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    Associations between socioeconomic status, cognition and brain structure: evaluating potential causal pathways through mechanistic models of development

    Thomas, Michael S.C. and Coecke, S. (2023) Associations between socioeconomic status, cognition and brain structure: evaluating potential causal pathways through mechanistic models of development. Cognitive Science 47 (1), e13217. ISSN 1551-6709 online.

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    Abstract

    Differences in socioeconomic status (SES) correlate both with differences in cognitive development and in brain structure. Associations between SES and brain measures such as cortical surface area and cortical thickness mediate differences in cognitive skills such as executive function and language. However, causal accounts that link SES, brain, and behavior are challenging because SES is a multidimensional construct: correlated environmental factors such as family income and parental education are only distal markers for proximal causal pathways. Moreover, the causal accounts themselves must span multiple levels of description, employ a developmental perspective, and integrate genetic effects on individual differences. Nevertheless, causal accounts have the potential to inform policy and guide interventions to reduce gaps in developmental outcomes. In this article, we review the range of empirical data to be integrated in causal accounts of developmental effects on brain and cognition associated with variation in SES. We take the specific example of language development and evaluate the potential of a multi-scale computational model of development, based on an artificial neural network, to support the construction of causal accounts. We show how, with bridging assumptions that link properties of network structure to magnetic resonance imaging (MRI) measures of brain structure, different sets of empirical data on SES effects can be connected. We use the model to contrast two possible causal pathways for environmental influences that are associated with SES: differences in prenatal brain development and differences in postnatal cognitive stimulation. We then use the model to explore the implications of each pathway for the potential to intervene to reduce gaps in developmental outcomes. The model points to cumulative effects of social disadvantage on multiple pathways as the source of the poorest response to interventions. Overall, we highlight the importance of implemented models to test competing accounts of environmental influences on individual differences.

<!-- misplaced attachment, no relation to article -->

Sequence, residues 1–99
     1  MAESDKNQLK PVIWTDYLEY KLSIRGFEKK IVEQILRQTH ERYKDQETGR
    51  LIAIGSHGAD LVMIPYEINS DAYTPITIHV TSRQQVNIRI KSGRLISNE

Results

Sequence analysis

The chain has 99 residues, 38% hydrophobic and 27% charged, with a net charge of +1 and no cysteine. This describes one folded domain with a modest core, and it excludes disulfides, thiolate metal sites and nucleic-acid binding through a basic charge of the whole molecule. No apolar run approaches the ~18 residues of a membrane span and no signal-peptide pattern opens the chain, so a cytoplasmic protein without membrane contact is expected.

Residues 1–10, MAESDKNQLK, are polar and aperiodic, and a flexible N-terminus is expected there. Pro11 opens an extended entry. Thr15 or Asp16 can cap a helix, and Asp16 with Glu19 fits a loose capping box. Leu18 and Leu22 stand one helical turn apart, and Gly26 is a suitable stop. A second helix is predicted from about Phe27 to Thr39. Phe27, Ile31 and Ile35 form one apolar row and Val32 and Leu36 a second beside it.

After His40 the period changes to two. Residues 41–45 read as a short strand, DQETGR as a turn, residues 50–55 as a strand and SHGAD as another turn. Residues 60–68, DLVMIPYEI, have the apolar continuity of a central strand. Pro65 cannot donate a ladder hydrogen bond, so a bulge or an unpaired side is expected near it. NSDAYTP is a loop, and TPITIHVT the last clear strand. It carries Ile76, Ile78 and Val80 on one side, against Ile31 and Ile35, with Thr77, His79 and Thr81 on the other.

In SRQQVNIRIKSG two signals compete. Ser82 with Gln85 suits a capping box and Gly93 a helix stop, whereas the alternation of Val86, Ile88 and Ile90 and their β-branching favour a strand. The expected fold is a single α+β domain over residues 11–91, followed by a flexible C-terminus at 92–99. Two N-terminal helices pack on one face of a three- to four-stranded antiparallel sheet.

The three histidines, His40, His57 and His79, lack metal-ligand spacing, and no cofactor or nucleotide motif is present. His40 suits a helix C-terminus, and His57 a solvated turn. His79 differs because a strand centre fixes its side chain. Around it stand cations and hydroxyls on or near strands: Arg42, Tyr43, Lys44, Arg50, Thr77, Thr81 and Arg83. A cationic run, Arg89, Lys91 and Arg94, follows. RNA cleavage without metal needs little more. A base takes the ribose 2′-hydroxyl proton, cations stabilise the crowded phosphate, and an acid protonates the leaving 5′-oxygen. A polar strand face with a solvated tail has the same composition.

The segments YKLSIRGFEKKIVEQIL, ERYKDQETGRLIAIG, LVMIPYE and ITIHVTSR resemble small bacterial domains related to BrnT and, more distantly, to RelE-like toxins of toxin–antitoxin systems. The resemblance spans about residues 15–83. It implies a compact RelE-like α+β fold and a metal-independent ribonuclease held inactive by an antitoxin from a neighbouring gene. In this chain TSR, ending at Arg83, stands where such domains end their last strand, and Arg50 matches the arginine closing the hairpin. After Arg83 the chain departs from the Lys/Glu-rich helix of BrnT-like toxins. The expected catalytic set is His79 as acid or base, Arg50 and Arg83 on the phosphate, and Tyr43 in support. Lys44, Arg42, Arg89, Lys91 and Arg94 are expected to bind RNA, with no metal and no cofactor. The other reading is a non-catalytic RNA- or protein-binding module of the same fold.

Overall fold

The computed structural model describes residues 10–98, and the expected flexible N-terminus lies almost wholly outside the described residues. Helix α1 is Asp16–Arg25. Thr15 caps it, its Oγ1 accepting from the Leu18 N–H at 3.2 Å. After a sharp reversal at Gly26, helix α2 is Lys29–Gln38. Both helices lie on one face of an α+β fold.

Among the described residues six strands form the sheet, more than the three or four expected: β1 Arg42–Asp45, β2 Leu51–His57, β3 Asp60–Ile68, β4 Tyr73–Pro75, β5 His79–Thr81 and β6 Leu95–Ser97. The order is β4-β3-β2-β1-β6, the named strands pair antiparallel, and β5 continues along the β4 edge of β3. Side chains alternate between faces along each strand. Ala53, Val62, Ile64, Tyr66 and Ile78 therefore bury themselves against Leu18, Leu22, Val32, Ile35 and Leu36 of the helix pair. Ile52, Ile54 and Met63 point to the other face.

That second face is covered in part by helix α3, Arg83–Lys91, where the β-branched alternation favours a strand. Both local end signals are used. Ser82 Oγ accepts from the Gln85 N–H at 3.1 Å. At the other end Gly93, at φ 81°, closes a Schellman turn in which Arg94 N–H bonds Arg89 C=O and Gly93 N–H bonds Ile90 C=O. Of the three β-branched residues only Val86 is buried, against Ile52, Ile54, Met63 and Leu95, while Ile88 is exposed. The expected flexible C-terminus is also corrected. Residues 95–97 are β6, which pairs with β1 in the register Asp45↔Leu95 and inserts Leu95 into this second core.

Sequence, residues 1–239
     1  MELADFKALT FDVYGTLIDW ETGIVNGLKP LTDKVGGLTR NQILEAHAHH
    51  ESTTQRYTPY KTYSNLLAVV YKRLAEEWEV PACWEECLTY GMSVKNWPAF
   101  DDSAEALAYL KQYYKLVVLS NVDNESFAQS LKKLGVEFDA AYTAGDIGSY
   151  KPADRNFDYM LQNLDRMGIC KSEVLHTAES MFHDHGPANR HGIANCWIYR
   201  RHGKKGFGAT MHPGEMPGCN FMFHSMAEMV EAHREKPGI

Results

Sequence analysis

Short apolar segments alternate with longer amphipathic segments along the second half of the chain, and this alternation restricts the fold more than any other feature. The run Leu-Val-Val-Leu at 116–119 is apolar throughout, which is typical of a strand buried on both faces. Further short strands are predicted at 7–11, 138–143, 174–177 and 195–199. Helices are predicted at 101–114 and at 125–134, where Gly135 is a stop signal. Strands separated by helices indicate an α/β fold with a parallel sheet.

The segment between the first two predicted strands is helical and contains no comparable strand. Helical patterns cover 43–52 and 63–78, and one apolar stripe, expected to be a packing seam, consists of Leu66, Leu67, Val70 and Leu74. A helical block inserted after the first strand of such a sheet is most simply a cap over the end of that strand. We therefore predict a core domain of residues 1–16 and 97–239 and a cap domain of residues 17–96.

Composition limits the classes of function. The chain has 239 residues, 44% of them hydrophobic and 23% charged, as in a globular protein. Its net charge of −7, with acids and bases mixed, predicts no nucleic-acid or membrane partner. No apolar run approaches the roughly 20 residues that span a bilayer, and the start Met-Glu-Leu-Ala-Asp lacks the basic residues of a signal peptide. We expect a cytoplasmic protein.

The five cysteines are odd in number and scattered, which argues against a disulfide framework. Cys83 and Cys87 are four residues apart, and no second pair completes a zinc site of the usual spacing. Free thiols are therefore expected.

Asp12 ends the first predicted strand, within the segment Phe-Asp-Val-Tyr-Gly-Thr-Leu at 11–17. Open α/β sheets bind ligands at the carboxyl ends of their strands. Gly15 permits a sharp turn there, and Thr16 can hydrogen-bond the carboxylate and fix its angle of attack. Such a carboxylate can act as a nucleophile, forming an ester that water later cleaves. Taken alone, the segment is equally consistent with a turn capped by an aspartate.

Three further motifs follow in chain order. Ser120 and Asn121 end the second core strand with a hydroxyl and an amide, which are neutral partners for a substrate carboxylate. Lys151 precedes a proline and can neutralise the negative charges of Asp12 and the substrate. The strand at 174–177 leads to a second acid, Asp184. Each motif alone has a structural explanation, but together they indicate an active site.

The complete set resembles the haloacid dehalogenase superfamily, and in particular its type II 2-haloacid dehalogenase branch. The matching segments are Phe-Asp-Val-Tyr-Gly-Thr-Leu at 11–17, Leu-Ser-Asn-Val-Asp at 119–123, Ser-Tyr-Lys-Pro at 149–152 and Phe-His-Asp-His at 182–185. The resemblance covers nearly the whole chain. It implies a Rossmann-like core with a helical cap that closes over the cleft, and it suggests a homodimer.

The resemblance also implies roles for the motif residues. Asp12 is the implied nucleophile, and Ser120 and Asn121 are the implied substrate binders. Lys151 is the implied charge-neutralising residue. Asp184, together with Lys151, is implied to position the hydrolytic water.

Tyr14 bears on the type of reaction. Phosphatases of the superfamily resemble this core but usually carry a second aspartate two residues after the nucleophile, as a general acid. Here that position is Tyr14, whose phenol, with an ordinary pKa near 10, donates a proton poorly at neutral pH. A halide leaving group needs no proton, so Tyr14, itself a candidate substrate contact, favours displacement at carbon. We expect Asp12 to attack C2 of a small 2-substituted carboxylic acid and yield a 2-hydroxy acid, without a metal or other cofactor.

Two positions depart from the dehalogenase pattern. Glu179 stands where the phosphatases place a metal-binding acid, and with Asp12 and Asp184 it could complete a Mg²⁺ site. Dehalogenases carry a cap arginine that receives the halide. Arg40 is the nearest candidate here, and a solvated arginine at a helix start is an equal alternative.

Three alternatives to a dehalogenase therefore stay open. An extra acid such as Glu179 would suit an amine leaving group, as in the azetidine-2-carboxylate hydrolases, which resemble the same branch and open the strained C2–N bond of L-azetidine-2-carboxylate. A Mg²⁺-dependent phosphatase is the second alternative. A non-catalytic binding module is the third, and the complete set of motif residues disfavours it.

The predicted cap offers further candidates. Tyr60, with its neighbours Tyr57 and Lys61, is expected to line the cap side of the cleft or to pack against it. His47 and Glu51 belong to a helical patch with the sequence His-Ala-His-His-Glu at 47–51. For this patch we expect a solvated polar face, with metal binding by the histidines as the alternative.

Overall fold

Metadata

    Item Type: Article
    School: Birkbeck Faculties and Schools > Faculty of Science > School of Psychological Sciences
    Research Centres and Institutes: Educational Neuroscience, Centre for
    Depositing User: Michael Thomas
    Date Deposited: 15 Dec 2022 06:30
    Last Modified: 02 Aug 2023 18:19
    URI: https://eprints.bbk.ac.uk/id/eprint/50178

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